The Sunbeam had now returned to my house after leaving the body shop and exhaust shop. This only left the fuel system, cooling system, clutch, brakes, dash, driveshaft, interior, and windows. You know, the simple stuff. We decided to focus on the cooling system and engine compartment. We started on the thermostat housing which is attached to the water pump. There is a modification that is needed on the water inlet of the thermostat housing. The original Mustang II inlet faces downward. It is a common modification to angle the inlet and relocate the heater outlet on the side of the part. We bought the part and sent it to a forum member and had it modified. The part came back perfect and was installed on the water pump. We installed an 80 °C thermostat as recommended by a friend. Luckily Autozone still carries the parts for the coolant hose and nipples which travel from the water pump to the intake manifold/engine.
The 2.6L Ford V6 which originally came with the car purchased in January 2014, had a few gems to offer up. We scavenged the block-off cover for the fuel pump and the water outlet. The water outlet was the best find because this part was practically impossible to find online. The available versions online had multiple block off holes and aren’t aesthetically pleasing. The block-off plate was cleaned up and installed. The water outlet was sandblasted and was treated with high temp paint.
Next up was the all of the coolant lines. The Sunbeam Alpine has a heater halve that attaches to the engine bay brace. The hoses from the heater core to the heater valve are readily available, but there is no known hose that goes from the heater valve to the thermostat housing. I spent some time online to make a mockup and ended up with what is shown below. The only problem was the hose ended up being 3 pieces. Although not ideal, it was a good start.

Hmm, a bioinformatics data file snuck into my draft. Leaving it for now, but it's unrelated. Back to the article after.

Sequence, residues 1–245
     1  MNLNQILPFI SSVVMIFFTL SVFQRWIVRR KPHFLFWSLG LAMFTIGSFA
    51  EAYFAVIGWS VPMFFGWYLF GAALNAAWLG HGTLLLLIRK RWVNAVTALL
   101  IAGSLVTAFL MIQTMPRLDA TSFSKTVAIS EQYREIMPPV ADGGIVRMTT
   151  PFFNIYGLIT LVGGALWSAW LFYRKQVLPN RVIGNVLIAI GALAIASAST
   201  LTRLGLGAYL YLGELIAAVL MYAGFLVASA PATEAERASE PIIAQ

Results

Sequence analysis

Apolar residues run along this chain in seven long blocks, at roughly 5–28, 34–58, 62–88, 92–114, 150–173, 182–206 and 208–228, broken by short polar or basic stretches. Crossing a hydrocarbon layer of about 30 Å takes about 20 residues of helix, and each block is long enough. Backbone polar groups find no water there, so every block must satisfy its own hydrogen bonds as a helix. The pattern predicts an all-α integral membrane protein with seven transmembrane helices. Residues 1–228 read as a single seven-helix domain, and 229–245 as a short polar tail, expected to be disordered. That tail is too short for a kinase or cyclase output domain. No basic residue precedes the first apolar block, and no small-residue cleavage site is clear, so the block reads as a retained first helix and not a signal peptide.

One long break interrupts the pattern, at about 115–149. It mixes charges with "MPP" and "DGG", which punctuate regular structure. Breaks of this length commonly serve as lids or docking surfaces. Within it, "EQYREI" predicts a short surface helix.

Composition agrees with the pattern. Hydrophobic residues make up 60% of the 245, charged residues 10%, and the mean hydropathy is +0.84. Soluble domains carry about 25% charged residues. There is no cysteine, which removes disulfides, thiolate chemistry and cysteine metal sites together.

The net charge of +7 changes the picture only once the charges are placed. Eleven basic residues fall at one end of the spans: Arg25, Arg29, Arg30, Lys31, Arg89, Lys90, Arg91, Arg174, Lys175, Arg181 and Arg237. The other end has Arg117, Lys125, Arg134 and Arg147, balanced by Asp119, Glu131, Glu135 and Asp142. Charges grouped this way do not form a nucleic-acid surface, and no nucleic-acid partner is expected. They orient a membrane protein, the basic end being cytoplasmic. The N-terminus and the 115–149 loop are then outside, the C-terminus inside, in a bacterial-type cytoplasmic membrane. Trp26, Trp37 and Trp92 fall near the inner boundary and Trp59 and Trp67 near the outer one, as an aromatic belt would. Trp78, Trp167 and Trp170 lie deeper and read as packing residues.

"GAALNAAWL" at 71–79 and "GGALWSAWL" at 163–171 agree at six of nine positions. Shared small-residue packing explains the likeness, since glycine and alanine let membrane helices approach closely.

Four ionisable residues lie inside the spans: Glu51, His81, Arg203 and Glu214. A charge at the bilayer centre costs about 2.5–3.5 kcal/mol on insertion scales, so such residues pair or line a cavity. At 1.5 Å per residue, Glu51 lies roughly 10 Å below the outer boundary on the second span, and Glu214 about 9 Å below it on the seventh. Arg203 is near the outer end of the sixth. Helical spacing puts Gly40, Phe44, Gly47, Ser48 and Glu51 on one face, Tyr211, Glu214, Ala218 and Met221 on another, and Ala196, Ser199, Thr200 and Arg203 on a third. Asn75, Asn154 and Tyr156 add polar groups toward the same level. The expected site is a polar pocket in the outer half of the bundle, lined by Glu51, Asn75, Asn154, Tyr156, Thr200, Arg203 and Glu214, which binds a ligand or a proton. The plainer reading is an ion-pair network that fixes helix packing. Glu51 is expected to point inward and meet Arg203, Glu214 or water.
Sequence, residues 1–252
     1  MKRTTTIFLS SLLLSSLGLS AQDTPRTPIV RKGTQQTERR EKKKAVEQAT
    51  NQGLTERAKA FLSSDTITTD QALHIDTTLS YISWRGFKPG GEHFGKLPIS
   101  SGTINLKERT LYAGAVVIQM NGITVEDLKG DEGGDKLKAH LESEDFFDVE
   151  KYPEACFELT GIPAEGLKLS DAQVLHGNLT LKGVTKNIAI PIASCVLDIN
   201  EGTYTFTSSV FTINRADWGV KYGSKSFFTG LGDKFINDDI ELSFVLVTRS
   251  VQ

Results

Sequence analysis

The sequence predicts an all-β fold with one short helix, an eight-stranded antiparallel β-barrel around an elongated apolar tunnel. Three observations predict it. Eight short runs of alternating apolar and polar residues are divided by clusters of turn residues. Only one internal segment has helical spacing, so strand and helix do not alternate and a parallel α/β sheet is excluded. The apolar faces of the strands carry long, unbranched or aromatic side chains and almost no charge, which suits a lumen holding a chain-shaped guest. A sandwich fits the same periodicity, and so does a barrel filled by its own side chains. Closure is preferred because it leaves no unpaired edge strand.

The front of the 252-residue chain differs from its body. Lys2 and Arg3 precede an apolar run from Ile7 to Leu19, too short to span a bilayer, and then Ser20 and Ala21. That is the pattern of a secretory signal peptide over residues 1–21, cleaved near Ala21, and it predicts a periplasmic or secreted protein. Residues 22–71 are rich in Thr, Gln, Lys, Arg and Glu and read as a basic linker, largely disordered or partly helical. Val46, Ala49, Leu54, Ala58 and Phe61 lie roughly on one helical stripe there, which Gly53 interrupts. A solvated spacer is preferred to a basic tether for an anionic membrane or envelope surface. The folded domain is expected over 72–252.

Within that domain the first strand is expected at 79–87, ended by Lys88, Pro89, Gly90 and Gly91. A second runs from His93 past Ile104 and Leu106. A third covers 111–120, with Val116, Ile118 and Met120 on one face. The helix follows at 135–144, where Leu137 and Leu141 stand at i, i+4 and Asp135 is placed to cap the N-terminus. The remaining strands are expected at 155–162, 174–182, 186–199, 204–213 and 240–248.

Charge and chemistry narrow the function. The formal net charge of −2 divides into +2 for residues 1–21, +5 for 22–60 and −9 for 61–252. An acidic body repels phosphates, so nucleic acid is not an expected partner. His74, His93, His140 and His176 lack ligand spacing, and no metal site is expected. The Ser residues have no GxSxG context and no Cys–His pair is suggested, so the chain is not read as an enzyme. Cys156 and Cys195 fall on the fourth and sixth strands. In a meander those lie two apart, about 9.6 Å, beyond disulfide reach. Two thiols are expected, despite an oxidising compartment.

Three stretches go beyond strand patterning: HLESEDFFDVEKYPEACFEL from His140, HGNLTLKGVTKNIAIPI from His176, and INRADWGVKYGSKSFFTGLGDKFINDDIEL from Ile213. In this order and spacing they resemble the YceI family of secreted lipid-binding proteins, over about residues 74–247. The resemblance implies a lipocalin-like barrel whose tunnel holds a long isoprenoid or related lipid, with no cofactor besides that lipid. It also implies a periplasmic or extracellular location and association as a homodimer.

We ended up going with the original Ford alternator which was installed with the Mustang II. The output was 95 amps and was more than enough to power the car. We wanted to go with such a large alternator because we were considering doing an electric fuel injection (EFI) which requires a lot of juice to run. The conversion kit brackets for the alternator went on seamlessly and are well made.
The next item to sort out was the brake and clutch reservoirs. The original clutch reservoir is still in fabrication and was purchased through Sunbeam Specialties. Sunbeam Specialties is a wonderful shop that has supplied most of the original parts for this project thus far. The brake master cylinder was not as easy. We wanted a dual master cylinder that would work in the confined space of the engine bay. After a ton of false starts, inventory shortages, and endless research, we settled on a brake master cylinder from a late 70’s Dodge Colt. It had dual brake lines and a 13/16″ bore and fit like a glove in the engine bay and was still in production. I did have to purchase separate reservoirs from Tilton. Overall it was a hard find but determination and persistence got it sorted.
In order to finish up the front of the engine, the radiator, fan and belts needed to be sorted. We decided to use the original radiator. However, we had the radiator re-cored with an aluminum 3 core unit. We had the radiator outlet at the bottom match up to the same angle and the water inlet at the thermostat housing. The fan was up next. Forum members advised we use a modified Volvo 240 fan. A forum member sells an adapter plate that allows the use of the Volvo fan. The fan does require some trimming of the blades but went in relatively smoothly. We had the fan pully powder coated and measured for a fan belt. The whole assembly went together well and almost looked stock.
This part of the project took a good deal of time. Tons of research and patience led us to this point. Everything was starting to become custom. The good news with all these small projects, is that the path is well-traveled, and resources are available but finding those resources does take some effort. Next up, the interior and fuel delivery. Motor on.